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Ben Jones
Ben Jones, UK Lawyer
Category: Law
Satisfied Customers: 50163
Experience:  Qualified Solicitor
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good morning I have an employee that has been with me for

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good morning
I have an employee that has been with me for 24 years,he is now 40 years of age and is suffering from type 1 diabetes which is causing him to have a lot of time of work through his illness. We are a small business and rely on reliable regular attendance of staff. His job is in our parts department and involves running up and down stairs,picking and packing parts order etc and requires a certain level of fitness,he works alongside one other member off staff. He is grossly overweight and just doesnt look after himself which i consider contributes to his absence. He still smokes and is daily eating pasties or pies. Whenever he is absent I have to stand in for him and do his job which leaves me then falling behind with my own work leading to me having to work more hours to catch up. Last night i was working until 10pm clearing my work after standing in for him again this week. It has now come to the point where i consider he is no longer capable of doing his job. What are my options in terminating his employment and replacing him?.
Kind Regards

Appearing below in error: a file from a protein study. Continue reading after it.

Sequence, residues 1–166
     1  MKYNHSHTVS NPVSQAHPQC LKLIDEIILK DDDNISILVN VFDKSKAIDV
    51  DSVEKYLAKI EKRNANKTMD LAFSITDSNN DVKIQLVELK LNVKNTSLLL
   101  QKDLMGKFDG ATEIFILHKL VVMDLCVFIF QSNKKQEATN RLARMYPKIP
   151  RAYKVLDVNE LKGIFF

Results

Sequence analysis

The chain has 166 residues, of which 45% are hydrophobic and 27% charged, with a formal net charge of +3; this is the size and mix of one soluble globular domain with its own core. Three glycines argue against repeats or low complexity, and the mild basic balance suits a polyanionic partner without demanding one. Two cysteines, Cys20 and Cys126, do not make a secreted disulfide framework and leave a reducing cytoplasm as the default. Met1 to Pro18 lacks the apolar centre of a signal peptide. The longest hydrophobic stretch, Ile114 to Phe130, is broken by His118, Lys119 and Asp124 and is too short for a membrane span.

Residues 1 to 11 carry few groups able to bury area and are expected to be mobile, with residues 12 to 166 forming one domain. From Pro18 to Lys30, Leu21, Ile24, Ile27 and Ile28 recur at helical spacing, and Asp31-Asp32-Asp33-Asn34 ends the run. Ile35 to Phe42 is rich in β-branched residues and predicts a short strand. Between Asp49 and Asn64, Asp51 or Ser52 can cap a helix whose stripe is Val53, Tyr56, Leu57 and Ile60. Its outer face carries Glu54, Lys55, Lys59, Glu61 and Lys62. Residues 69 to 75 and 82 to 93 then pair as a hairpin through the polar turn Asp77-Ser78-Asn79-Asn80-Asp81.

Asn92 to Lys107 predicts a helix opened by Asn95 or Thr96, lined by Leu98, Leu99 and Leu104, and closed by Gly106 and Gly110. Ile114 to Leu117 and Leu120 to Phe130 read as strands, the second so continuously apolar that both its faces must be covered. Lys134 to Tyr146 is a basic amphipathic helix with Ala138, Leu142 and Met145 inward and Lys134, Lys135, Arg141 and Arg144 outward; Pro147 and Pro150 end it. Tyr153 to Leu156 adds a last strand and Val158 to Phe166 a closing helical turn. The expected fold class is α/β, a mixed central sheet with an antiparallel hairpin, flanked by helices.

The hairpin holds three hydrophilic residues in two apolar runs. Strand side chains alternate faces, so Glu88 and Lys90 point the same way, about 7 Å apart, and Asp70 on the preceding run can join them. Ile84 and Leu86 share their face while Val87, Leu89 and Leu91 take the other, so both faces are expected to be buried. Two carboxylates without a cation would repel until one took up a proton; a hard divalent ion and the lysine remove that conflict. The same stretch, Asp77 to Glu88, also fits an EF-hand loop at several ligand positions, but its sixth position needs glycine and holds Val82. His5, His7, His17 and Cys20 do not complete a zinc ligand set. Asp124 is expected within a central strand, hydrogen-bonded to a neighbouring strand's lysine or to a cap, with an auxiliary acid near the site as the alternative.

Derek Rayner

Ben Jones : Hello, my name is XXXXX XXXXX it is my pleasure to assist you with your question today. Are you able toake any adjustments to help him with his job?

Good Morning


Yes i have reduced his hours and he now works from 9 til 1 monday and thursday. 12 til 6 tuesday and wednesday and 11-5.30 on a friday without any reduction in his pay. We have tried to assist him with doing less active work and allowing him more computer and telephone work sitting down. The problem i have is that a a key member of staff he can no longer do the job to which he was employed and i can only see the situation getting progressively worse as time goes on.

Ben Jones :

Hi, sorry I was just on my way to work when I picked up your question earlier. If you wanted to look at potentially terminating this person’s employment, you would be relying on capability as your reason for doing so. Capability, where an employee is unable to perform their job due to ill health, is a potentially fair reasons for dismissing an employee under the Employment Rights Act 1996. The definition of ‘capability’ includes competence (skill and aptitude), health (any mental/physical quality) and qualifications.


Whether a capability dismissal is fair will depend on the particular circumstances and the procedure that was followed. The employer needs to show they had reasonable grounds to believe that the employee was incapable of performing their job and that nothing further could be done to assist them. In the end they need to show that dismissal was a reasonable decision to take. The courts have held that an important consideration is whether any reasonable employer would have waited longer in the circumstances before dismissing the employee.


When looking at the reasonableness of such a dismissal, the tribunal will usually look at the following elements:

  • What was the nature of the illness

  • Was the employee consulted over their position and did the employer try to ascertain the true medical position

  • What was the likelihood of the employee returning to work or the illness reoccurring in the future

  • The effect a prolonged absence would have on the business and the workforce